Jenny Conlon says it’s difficult to understand why an event of achievement like the Boston Marathon would be targeted in such a way. Training for a marathon is one of the most challenging things you can do and it makes you realise that life is for living, she writes.
Margaret Thatcher normalised female success, challenging the prevailing orthodoxy that women were unsuited to the pursuit of power, but mechanisms, such as electoral gender quotas would have been anathema to her, writes Margaret O’Keefe.
Having just moved to the US, Jan Schneider had planned to go watch the Boston Marathon. Luckily, other things came up and he never made it. Here’s his account of living in the aftermath of the Boston bombings.
For Ireland to continue to compete successfully, demand has to be stimulated, internet usage has to be promoted and digital literacy has to be accelerated, says Philip Flynn, who has worked in the ICT sector since its infancy.
From a textbook dysfunctional home life, educational disadvantage and adolescent homelessness, Rachel Moran was primed for life as a prostitute. Here she tells her story about the losses prostitution can bring and how those you love can be tarred with shame by association.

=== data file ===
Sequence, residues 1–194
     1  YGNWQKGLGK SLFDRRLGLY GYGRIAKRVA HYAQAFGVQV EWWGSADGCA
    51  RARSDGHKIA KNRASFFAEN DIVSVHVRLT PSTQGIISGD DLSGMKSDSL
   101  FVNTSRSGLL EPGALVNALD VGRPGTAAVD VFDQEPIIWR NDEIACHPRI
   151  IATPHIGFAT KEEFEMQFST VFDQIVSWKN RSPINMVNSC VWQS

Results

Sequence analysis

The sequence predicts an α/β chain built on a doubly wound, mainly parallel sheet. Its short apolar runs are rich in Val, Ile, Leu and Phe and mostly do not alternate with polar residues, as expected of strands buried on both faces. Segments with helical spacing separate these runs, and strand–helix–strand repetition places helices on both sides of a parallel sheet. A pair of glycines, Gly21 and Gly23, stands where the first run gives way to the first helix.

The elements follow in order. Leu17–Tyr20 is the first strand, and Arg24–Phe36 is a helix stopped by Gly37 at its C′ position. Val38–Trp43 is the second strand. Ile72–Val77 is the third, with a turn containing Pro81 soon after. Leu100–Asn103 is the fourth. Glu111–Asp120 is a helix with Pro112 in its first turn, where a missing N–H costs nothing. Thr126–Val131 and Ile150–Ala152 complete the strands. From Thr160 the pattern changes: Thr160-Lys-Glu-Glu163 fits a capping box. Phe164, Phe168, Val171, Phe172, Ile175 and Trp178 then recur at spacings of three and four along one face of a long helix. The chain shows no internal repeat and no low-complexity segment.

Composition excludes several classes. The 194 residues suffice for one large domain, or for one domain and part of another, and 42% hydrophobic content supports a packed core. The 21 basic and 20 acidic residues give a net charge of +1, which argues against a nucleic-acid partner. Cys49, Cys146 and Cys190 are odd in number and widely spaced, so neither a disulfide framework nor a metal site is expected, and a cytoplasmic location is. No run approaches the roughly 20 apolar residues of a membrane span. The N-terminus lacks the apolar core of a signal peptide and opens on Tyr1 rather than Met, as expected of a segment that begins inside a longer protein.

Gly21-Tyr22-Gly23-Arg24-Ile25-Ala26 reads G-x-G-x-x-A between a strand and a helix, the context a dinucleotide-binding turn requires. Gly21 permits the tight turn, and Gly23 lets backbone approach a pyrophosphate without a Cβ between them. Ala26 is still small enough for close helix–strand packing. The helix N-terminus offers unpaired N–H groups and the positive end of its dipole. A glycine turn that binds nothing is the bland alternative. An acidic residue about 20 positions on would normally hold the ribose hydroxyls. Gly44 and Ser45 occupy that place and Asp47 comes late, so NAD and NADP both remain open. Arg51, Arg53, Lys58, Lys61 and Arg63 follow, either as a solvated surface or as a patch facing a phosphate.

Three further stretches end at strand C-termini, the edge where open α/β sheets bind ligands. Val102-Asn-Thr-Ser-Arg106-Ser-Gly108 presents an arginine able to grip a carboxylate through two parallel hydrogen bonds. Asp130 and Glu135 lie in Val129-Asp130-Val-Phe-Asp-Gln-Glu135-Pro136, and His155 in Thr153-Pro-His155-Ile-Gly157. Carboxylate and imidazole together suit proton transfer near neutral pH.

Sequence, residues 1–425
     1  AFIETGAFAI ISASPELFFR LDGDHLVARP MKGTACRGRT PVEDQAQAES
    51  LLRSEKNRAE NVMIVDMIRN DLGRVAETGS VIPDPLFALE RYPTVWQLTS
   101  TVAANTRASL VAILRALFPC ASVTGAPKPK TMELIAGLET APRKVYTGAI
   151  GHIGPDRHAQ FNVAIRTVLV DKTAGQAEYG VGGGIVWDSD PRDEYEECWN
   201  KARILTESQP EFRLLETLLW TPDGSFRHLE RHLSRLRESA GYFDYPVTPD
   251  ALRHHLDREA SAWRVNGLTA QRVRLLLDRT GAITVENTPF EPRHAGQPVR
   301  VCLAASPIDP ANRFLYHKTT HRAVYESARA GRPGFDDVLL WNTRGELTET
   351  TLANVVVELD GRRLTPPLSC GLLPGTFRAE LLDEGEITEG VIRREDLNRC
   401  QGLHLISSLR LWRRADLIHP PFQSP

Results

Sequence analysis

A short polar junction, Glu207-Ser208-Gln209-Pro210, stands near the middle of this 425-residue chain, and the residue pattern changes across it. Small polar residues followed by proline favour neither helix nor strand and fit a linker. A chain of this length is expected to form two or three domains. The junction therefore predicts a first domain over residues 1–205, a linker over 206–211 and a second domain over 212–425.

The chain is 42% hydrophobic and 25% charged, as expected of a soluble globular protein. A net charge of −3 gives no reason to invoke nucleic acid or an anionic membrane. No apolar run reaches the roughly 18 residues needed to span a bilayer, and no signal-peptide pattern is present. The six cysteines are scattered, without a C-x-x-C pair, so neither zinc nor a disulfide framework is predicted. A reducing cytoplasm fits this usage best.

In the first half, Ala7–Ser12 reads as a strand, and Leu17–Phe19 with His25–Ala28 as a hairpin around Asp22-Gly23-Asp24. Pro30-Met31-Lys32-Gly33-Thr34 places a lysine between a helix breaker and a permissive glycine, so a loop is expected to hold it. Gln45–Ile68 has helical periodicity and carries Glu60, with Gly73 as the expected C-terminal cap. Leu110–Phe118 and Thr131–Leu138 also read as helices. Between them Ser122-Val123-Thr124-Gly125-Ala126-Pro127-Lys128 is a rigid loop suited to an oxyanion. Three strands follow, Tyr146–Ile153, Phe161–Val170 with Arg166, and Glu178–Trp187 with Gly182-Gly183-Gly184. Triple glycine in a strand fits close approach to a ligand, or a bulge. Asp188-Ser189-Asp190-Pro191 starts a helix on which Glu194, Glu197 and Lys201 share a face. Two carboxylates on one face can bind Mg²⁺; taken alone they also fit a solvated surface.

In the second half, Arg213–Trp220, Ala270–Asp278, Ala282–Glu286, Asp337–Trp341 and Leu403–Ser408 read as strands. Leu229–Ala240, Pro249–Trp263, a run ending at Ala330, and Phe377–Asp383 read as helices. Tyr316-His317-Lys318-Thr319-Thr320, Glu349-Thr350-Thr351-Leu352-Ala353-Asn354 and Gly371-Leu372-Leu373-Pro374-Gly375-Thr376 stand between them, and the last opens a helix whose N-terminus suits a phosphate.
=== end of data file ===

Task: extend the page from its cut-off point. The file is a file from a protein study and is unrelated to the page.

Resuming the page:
While other countries are showing signs of difficulty, it’s Spain’s deterioration which could bring the euro crisis to its most dangerous point, writes Tom McDonnell, who asks where Europe goes from here?
Those who are cynical or opposed to the efforts of The Gathering should ask themselves why, says Larry Donnelly who questions what ignites such hostility to seemingly harmless endeavours like that of certificates of Irishness.
The recently completed HSE report into the tragic death of Savita Halappanavar’s death has pointed to Ireland’s unworkable legal situation as a significant factor in her medical treatment, writes Clara Fischer.
INDEPENDENT TD MICK Wallace is to file a complaint about the Minister for Justice’s use of information on RTÉ’s Prime Time last week.
Alan Shatter said on live television that the Wexford deputy benefited from garda discretion when he was cautioned for using a mobile phone – but not given penalty points. Wallace insists he is not aware of such an incident.
Shatter has stood by his remarks and he has also been backed by the Taoiseach who said that “people can’t have it both ways”. “You cannot be saying no discretion and at the same time availing of discretion.”
Labour Deputy Kevin Humphreys told Newstalk Breakfast this morning that he thought making the remarks was “poor judgement” on the minister’s part. He called on Shatter to explain how he received the information. Others have claimed the information could have been made public in a different manner, and not on live television without giving Wallace prior warning.
In today’s poll, we ask: Should Alan Shatter have made his comments about Mick Wallace on Prime Time?
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